Tales of Arise PS5 Review

 

 
Overview
 

Genre: RPG
 
Rating: M15+
 
Release Date: 10 September 2021
 
Overall
 
 
 
 
 
4/5


 

Positives


-Beautiful art style and world, runs buttery smooth on PS5
-Fun action-style combat lets you juggle and combo enemies with ease
-Effective, if derivative story, and fun characters
-Exploration rewarded, and plenty to do

Negatives


-Cure Points mechanic is interesting, but often limiting
-The game can sometimes slow down with busy work, or feel like it's speeding through plot


Posted September 9, 2021 by

 
Full Article
 
 

Full disclosure – while the Tales of series has existed for 25 years, and I have played and beaten many JRPGs, I have somehow managed to completely avoid them, making Tales of Arise my first game in the franchise. I might be the perfect demographic for it, then, as Tales of Arise marks a turning point for the series that’s meant to evolve the formula for the future. Sporting awesome visuals and fun, action-oriented combat, Tales of Arise makes for a compelling reason to start paying attention to the Tales series.

Two planets in orbit around each other, Dahna and Rena, are in conflict. While the medieval-level Dahnans initially worshipped Rena and believed it to be connected to their afterlife, they were caught unprepared when the technologically advanced native Renans suddenly invaded, easily conquering their world and subjugating their race into slavery. 300 years later, Dahna has been divided up into realms ruled by Renan lords, competing with each other for dominance with special powerful ‘cores’. Among this, a slave eventually known as Alphen, who has no memory nor can feel the sensation of pain, comes into possession of a powerful game-changing sword and takes up arms to free his people. Joining him is a Renan counterpart, a fugitive named Shionne, who can’t be physically touched and who’s necessary in order for the sword to function.

The story has a fairly straightforward start, with typical JRPG themes of an evil empire and a daring resistance fighting back against them, although things inevitably become more complicated. While characters aren’t as memorable as some other RPG’s I’ve played, I did have a lot of fun with the cast of Tales of Arise, as the party roster expands beyond Alphen and Shionne to include others like Law and Rinnel, and guest characters like Zephyr. There’s a fair bit of banter and tension between members, especially Alphen and Shionne, that’s relatively well played. Nevertheless, elements of the story often feel derivative from other franchises, although not executed poorly mind you, and well-rendered anime cutscenes punctuate key moments. Unfortunately more frequently, comic-style panels depict ‘skits’ which occur as characters interact on the journey, which feel cheaper and less dynamic.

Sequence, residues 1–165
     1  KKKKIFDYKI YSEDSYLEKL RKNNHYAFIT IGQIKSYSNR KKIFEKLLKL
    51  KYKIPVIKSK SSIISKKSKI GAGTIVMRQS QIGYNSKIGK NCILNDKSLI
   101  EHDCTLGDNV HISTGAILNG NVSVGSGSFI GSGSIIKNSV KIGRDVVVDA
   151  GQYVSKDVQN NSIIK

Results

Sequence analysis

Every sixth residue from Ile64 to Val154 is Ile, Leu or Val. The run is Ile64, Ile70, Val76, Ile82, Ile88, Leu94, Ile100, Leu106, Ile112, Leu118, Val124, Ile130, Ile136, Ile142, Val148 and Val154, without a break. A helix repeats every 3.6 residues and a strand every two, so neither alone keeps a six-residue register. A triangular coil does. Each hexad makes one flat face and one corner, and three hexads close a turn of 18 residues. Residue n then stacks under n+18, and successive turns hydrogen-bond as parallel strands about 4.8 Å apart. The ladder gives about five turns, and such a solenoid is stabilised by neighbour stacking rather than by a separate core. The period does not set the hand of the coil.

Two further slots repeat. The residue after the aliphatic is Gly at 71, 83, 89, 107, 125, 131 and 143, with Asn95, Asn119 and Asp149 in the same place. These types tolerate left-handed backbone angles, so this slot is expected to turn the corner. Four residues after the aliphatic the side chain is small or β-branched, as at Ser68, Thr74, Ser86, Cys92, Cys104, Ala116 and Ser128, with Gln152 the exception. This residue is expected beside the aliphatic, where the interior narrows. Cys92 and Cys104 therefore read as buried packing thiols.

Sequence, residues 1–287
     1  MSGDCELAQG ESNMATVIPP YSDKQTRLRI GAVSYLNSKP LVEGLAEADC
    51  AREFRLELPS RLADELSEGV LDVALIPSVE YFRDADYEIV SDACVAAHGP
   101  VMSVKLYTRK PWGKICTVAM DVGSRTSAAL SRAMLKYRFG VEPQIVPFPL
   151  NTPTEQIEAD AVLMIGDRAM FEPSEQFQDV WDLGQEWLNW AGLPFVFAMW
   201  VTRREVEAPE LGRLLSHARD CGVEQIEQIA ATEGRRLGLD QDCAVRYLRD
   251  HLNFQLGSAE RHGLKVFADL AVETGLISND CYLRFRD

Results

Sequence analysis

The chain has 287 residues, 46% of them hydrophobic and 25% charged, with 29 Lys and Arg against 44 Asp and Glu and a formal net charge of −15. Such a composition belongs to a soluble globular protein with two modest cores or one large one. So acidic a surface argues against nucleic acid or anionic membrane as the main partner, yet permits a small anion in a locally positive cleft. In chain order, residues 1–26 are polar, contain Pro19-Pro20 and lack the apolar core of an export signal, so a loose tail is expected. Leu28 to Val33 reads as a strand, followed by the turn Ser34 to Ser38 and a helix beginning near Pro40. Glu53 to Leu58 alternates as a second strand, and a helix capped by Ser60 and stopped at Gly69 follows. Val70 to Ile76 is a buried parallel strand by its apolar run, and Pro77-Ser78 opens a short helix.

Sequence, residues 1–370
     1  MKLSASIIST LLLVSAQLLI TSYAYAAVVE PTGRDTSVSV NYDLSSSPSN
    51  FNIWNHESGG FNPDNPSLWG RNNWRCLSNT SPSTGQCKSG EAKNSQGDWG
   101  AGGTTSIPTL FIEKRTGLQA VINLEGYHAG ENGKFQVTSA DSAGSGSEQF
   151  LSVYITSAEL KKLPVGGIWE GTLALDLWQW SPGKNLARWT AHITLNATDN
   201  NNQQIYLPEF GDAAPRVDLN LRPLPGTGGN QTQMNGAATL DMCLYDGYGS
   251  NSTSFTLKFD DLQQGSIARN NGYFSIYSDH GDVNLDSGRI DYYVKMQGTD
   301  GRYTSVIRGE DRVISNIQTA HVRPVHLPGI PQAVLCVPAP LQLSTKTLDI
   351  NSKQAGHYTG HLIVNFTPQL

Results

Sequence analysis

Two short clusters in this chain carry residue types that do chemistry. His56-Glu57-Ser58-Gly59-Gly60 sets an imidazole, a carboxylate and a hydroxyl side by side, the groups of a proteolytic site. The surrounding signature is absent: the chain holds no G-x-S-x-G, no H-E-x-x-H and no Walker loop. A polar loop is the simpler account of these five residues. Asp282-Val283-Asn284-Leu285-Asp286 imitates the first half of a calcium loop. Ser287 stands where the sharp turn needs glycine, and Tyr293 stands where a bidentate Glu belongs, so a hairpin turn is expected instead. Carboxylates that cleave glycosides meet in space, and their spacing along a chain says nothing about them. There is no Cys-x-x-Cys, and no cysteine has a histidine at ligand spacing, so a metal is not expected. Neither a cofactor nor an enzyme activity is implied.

Tales of Arise enjoys a very polished presentation, with in-game graphics being highly detailed yet also having an almost painterly quality, thanks to thin outlining around characters and environments. The style accentuates the detail and feel of each zone, from the firey pits of Calagaria to the frozen night-time fields of Cyslodia. On PS5, it all runs at a smooth frame-rate as well, even throwing in some neat particle effects in major encounters. Likewise, the soundtrack has a super cool opening theme, as well as memorable and well-orchestrated music for exploration and battle.

Following the trend of other modern JRPGs, Tales of Arise features a real-time action battle system, that plays more like Final Fantasy XV or even a very light version of Devil May Cry. For instance, as Alphen you’re able to execute simple attacks and dodge rolls, as well as map three abilities that can deal greater damage, or even launch enemies in the air to juggle them for mid-air combos. Generally, you’ll be focused on what your main character of choice is doing, as party members will act on their own accord thanks to a tactics system that allows you to set conditions for their actions, although you are able to switch characters. It’s definitely a simplified system, but I have to admit I always enjoyed the combat a great deal thanks to the combo system feeling responsive and fluid.